A suspected bomb blew the front door off a Muslim elementary school in a southern Dutch town on Monday, days after a suspected Muslim radical allegedly killed a Dutch filmmaker, police said. No injuries were reported.
Television news footage showed the burned-out entrance of the school, which was empty at the time of the 3:30 a.m. attack. Windows across the street were shattered.
Police suspected it was related to the brutal murder last week of filmmaker Theo van Gogh by a suspected Islamic radical, said spokesman Cees Dekkers in Eindhoven, about 75 miles south of the Dutch capital Amsterdam.
The school sustained substantial damage inside, he said.
The Tarieq Ibnu Zyad Islamic school, said to have links with a mosque that has allegedly been a gathering place for radicals, also suffered a minor attack a year ago. Dekkers said police had visited Islamic schools in the city but had not decided on additional security measures.
Eindhoven Mayor Alexander Sakkers was meeting later with parents of students. "It is essential that we stick together," he told journalists. "One single person who pulls off such an idiot act ... should not have the result that our society goes to pot in this way."
Sakkers said Islamic sites will be guarded by police while investigators determine the cause of the blast.
The government had been in contact with local authorities to assess the need for security following Van Gogh's slaying, said Frank Wassenaar, spokesman for the Internal Ministry. Asked if national authorities would take measures following the school explosion, he said: "There is no indication that local police cannot deal with this themselves."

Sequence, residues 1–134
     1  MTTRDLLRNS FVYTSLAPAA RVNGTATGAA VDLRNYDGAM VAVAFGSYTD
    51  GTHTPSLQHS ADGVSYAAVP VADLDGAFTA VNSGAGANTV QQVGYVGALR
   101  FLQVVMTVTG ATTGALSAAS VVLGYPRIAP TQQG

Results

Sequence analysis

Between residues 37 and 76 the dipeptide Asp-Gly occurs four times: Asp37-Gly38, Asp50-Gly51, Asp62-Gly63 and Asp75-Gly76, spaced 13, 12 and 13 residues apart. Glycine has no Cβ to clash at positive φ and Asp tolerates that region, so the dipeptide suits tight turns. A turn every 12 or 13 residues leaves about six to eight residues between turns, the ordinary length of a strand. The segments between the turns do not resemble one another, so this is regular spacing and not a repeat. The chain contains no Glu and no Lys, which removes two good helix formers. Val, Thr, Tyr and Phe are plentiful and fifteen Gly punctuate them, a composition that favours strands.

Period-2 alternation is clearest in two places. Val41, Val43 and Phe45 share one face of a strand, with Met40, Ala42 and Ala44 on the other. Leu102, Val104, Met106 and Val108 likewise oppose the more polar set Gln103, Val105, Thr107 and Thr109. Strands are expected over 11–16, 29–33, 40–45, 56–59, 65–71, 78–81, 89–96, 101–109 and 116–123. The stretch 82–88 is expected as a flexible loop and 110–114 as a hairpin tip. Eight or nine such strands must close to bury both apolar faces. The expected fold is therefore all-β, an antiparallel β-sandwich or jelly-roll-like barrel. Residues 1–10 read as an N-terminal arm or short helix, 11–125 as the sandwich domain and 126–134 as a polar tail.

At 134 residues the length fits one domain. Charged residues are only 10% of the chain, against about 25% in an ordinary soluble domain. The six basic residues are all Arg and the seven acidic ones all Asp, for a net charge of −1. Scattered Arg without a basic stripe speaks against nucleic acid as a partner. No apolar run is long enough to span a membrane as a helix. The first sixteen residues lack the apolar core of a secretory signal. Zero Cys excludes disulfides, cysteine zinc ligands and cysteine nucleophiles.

Van Gogh's killing sparked a series of apparent revenge attacks and vandalism over the weekend, including two attempts to burn down mosques. Dutch Interior Minister Johan Remkes has said Van Gogh's death should not be blamed on the Muslim community as a whole.
Eight suspected Islamic extremists have been arrested in connection with Tuesday's slaying of Van Gogh, who earlier this year released a film critical of how women are treated under Islam. Among those arrested was a 26-year-old accused of killing the filmmaker, identified as Mohammed Bouyeri.
Although mainstream Muslim groups condemned Tuesday's killing, it has caused an outpouring of anger in the Netherlands. The killer left a five-page note quoting from the Quran and threatening more attacks against Dutch politicians.